Six reasons for optimism for dog festival protestors

30 June 2014

Yuling Headlines

This was the year when the cracks began to show in the annual dog meat eating festival in Yulin, China.

Animal lovers from home and abroad heaped pressure on the organisers and attendees while celebrities used their fame to call for it to end.

When it ultimately did go ahead, it was drastically scaled down and virtually disowned by the local authorities.

Carrot Chen, Animals Asia’s Cat and Dog Welfare Deputy Manager, lists six reasons for optimism about the festival’s future decline.

1) Social media brought the debate into people’s homes

China’s celebrities were more vocal than ever before in their opposition to the Yulin Dog Meat Festival. A full two months before the festival the debate had already taken to the internet with actresses Betty Sun Li and Vicki Zhao Wei posting Weibo messages condemning the practice.

The debate reached fever pitch when actress Yang Mi tweeted to her 35 million followers, “Dogs are more loyal to people than I'd imagined – I think of dogs as friends, not meat", a message which attracted more than 75,000 comments.

2) Debate over the festival was more widespread than ever before

This year experts and scholars from outside the field of animal protection added their voices to those opposing the festival. Professionals from the legal and medical professions as well as those in sociology, zoology and the media published an open letter expressing their concerns over the event.

On June 15, over 20 experts held a symposium in Beijing. A position paper was signed highlighting the illegality inherent in the dog meat industry and reminding the authorities that while they were distancing themselves from the festival organisation, they could not avoid their responsibilities to deal with illegality surrounding it.

Dogs with collars on the truck, photo by Guangyuan Bo'ai Animal Protection Center, June 2013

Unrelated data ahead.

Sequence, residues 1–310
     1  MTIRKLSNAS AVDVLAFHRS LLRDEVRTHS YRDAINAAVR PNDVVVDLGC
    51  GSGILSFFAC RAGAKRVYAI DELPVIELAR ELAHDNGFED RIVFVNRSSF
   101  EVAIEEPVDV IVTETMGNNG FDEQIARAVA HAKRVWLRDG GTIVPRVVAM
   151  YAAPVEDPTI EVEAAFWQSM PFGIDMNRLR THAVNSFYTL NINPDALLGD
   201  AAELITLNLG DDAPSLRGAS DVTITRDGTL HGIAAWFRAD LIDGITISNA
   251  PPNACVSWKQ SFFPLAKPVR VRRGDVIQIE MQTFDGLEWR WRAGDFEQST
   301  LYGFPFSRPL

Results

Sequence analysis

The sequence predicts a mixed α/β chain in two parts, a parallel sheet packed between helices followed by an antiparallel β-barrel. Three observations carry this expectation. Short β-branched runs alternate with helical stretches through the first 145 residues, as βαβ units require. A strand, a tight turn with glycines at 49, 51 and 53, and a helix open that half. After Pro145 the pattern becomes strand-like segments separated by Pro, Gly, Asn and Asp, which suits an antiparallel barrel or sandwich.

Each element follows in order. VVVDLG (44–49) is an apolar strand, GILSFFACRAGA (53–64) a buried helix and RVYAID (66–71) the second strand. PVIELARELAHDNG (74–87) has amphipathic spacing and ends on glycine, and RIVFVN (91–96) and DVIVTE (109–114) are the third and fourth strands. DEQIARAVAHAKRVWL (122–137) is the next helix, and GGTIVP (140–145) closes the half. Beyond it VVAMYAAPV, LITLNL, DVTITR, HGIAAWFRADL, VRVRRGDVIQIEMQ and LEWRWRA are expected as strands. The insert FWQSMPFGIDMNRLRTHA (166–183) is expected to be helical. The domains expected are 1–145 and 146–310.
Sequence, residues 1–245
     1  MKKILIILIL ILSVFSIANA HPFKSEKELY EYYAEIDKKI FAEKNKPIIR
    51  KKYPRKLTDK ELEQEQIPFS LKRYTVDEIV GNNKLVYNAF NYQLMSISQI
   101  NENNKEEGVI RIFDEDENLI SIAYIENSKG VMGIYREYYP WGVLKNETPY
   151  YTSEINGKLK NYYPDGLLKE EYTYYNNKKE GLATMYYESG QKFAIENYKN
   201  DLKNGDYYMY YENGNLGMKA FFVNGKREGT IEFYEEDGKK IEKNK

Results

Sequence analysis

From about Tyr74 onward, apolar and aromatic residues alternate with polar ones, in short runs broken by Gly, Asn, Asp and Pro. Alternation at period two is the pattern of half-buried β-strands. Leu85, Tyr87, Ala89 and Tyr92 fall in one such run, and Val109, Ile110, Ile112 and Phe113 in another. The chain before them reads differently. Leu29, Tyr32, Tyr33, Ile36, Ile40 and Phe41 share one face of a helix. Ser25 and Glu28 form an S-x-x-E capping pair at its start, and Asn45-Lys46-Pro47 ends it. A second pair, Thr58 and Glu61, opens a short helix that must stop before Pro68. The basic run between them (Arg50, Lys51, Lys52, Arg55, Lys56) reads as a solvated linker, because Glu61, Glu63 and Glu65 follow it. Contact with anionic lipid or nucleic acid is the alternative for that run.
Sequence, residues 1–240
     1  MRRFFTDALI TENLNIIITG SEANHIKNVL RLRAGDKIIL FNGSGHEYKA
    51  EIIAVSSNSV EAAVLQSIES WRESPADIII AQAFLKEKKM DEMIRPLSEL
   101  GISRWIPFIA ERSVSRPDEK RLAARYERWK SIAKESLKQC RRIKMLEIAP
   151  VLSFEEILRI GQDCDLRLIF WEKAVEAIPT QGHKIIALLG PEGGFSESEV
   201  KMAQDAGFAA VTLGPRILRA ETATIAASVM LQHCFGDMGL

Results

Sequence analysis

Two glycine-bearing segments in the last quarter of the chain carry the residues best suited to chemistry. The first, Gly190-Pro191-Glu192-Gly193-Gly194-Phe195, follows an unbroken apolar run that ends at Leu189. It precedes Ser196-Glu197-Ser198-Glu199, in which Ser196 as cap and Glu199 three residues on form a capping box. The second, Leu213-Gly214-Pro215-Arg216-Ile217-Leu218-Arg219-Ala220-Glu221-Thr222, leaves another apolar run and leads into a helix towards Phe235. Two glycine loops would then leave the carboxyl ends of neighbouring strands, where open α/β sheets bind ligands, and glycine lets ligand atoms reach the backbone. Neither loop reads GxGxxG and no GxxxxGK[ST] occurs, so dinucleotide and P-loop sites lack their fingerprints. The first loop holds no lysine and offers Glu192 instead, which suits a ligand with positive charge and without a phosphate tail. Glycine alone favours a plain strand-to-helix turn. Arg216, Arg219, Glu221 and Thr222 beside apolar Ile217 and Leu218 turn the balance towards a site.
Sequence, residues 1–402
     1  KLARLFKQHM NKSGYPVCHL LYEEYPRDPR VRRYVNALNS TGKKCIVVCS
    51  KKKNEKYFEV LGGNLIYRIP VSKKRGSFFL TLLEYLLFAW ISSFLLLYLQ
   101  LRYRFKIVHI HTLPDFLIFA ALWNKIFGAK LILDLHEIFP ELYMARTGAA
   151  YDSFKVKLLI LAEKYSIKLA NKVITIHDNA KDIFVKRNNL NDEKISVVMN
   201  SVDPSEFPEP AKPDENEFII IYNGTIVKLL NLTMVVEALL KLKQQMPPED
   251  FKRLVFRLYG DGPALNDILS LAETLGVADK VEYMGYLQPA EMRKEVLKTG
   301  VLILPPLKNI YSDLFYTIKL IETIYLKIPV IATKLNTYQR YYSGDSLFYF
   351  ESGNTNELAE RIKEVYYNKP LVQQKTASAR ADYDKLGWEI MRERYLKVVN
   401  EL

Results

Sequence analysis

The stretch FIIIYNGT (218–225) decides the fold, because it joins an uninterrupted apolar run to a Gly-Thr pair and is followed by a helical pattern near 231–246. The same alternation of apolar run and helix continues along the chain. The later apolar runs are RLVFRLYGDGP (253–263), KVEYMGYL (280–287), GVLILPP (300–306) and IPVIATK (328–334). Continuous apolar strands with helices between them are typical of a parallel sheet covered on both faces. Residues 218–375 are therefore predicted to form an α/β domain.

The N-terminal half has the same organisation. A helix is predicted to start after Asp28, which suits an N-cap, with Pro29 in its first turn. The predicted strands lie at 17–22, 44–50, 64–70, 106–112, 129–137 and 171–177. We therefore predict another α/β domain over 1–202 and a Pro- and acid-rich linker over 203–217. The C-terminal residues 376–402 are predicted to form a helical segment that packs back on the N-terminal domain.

3) Local government changed their attitudes

While media reports suggest that in previous years the Yulin authorities actively supported and promoted the festival, this year they took an altogether different approach.

Official government websites posted statements distancing themselves from the event, while government staff and officials were instructed to stay away and a poster campaign subtly suggested the public did too.

The authorities also used their position to put pressure on dog sellers and dog meat venders by reminding departments responsible for food, live-stock and public security to be vigilant in their duties – in effect ordering them not to turn a blind eye to food safety violations rampant in the dog meat industry.

In a final bid to put off dog meat sellers, the authorities ordered restaurants to remove mentions of “dog” from signage.

4) The controversy hit product margins and saved animal lives

Many of the city’s dog meat sellers reported a sharp drop in sales this year, with the China Daily quoting 55 year-old Zhou Jian as saying, "My grandfather, my father and I all sell dog meat. I could sell dozens of dogs a day last year during this time, but I only sold a few this year."

Due to the unregulated nature of much of the dog meat industry exact figures are hard to confirm, but numerous reports state that the number of animals slaughtered during the festival fell exponentially. While previous years have seen up to 10,000 canines slaughtered, the Beijing Times reported that this year the figure was closer to 2,000.

Dogs on the truck, photo by Guangyuan Bo'ai Animal Protection Center, June 2013

5) The festival lost its appetite for confrontation

While the acts of the more zealous dog meat sellers caught the headlines there were plenty of others who did not want to be part of a spectacle. Confusion was rife when media claimed that the festival had happened early to avoid protestors. Sellers and eaters alike had tried to avoid the limelight by getting together earlier in small groups while others simply stayed away. Many, as the local authorities’ posters suggested, said “goodbye to bad traditions”.

In addition with the wider reporting of the concerns over the sourcing of the dogs and of the health implications involved – eating dog was suddenly a lot less desirable.

6. The campaign to end next year’s festival starts here

Though the festival went ahead there was no doubt that the moral victory belonged to the local and international animal lovers who were united in their opposition. While we continue to be appalled by the cruelty and scale of the killing, the progress that has been made in terms of the scale of the opposition is significant.

With momentum on our side it is imperative that we don’t give up, you can ensure this work continues by donating to our cat and dog welfare work by clicking here.